In every story Abish uses the same devices to unsettle us. Coincidences abound; characters appear (and disappear) suddenly; words—and the things they represent—dominate the universe. We do not know how to respond; we can laugh and/or cry at the alarming, playful...

(The entire section is 769 words.)

Tony Tanner

(Contemporary Literary Criticism)

[Within In the Future Perfect] there is a piece entitled, meaningfully enough, "In So Many Words". This story, hardly a story, a fragmentary depiction of a woman, her New York apartment, her environment, her routine, and her emotionless sex life, is rendered in a series of paragraphs, recounted with a dead-pan neutrality of tone which Abish often employs in his stories. But before each paragraph, we find an alphabetic reordering of most (not all) of the words to come in the following grammatically conventional, paragraph. An example:


a absolutely and at America American building certain convulsed croissant delicious eighth elongated floor four from...

(The entire section is 772 words.)

Paul West

(Contemporary Literary Criticism)

Like snow, this novel [How German Is It] accumulates delicately, lulling the mind with an inaudible dream. At the same time, it keeps the reader busy since it permits, indeed requires, at least three kinds of attention, one of which is to keep straight what happens to Ulrich Hargenau, a novelist formerly implicated in a terrorist plot, after he returns to Germany from Paris, where he's been cooling his heels and his prose. The second kind is to watch how the novel drifts and swells into becoming a metaphor for postwar Germany, and in so doing to figure out (if you can) how accurate the metaphor is. The third, implied perhaps in the book's splintery format (words, lines, short paragraphs isolated by deliberate...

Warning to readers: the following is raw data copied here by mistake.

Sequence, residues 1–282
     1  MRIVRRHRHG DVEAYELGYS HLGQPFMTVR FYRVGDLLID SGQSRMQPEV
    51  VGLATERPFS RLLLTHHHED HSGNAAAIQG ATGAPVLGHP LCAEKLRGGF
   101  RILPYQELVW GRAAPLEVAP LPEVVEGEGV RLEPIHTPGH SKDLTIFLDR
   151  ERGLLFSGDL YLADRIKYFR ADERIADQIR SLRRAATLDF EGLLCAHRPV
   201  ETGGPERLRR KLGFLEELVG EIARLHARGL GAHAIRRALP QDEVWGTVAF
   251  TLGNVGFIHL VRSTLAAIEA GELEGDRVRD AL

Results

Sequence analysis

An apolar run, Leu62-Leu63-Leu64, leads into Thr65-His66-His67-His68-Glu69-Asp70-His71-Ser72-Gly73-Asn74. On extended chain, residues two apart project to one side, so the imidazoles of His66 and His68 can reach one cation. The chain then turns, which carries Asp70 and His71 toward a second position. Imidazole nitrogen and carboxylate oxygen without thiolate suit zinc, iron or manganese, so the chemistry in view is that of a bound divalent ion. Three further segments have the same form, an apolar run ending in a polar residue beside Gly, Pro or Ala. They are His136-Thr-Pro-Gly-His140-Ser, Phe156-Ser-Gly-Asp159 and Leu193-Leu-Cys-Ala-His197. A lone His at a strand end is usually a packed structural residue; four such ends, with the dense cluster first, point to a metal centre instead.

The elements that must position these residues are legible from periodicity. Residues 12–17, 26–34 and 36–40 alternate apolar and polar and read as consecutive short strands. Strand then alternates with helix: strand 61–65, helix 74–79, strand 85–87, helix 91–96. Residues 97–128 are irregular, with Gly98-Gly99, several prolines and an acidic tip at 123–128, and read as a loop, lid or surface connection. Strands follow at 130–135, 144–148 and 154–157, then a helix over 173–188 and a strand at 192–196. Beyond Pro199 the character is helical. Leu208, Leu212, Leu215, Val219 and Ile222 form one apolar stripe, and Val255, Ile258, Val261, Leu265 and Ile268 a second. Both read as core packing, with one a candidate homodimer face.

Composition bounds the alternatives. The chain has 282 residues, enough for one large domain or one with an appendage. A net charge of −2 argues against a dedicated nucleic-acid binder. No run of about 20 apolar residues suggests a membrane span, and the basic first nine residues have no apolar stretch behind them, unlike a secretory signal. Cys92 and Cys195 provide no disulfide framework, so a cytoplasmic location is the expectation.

(The entire section is 1156 words.)

Betty Falkenberg

(Contemporary Literary Criticism)

Mr. Abish's mind delights in dualities. His gift for irony feeds on the contradictions in human thought and action. All his writings are an assault on the reassuring familiarity of everyday things. [In "How German Is It"] Mr. Abish seems to be saying that it is the menace lurking beneath the surface that appeals to the new Germans as a way of experiencing, if only deviously, the unassimilated terror of their past.

The novel evolves as a series of encounters, sexual and familial, all designed to probe the unease and guilt beneath the surface of German prosperity and well-being. The unearthing of the mass grave beneath the site of the new town and the dramatic blowing up of a bridge on the East Frisian...

(The entire section is 540 words.)

James Knowlton

(Contemporary Literary Criticism)

In I Am A Resident of An Ivory Tower Peter Handke discusses the relationship of literary fiction to the reality it explores and creates. Literary reality, as Handke sees, it, is not the reality of objects, of things, but rather the reality of words, of language…. Cognition must be mediated through the vehicle of language. But language is at the same time a social institution in which the cultural history of its speakers is deeply imbedded. The word 'tree' signifies an object occurring in nature; but at the same time it evokes a whole series of emotional responses related to the historically determined value of that object in our culture. Thus the artist as writer is constantly confronted with the dilemma of...

(The entire section is 548 words.)

Jerome Klinkowitz

(Contemporary Literary Criticism)

Can narrative be truly self-referential? Is it possible for a novelist, burdened with the conceptual weight of words and doubly hampered by the sequential order of story, to be as much an abstract expressionist as the painter or the musical composer, whose daubs of paint or notes of sound need not refer to anything other than themselves? One way is to treat the materials of fiction as objects in themselves—not as familiar cues to the reader (which trigger conventional responses and so set formulaic narratives to action) but rather as semiotic integers within the syntax of human behavior. This has been precisely the method Walter Abish has pursued through four books of fiction. (p. 416)

Walter Abish...

(The entire section is 1798 words.)

George Kearns

(Contemporary Literary Criticism)

Walter Abish prefaces How German Is It with an epigraph from Jean-Luc Godard, "What is really at stake is one's image of oneself," a remark any novelist (or poet) might use to signal to the reader that the work in hand may be deeper than it appears. Thinking about it after completing Abish's ice-cold tour de force, his vision of contemporary Germany as the Air Conditioned Nightmare, is like finding a blank check signed with an unknown name: is it worth a small fortune, or a few dollars and change? That Godard's is not an unknown name doesn't help much; indeed, I think it's his name Abish is interested in more than his portentous remark, for How German Is It appears to be a homage to Godard,...

(The entire section is 1027 words.)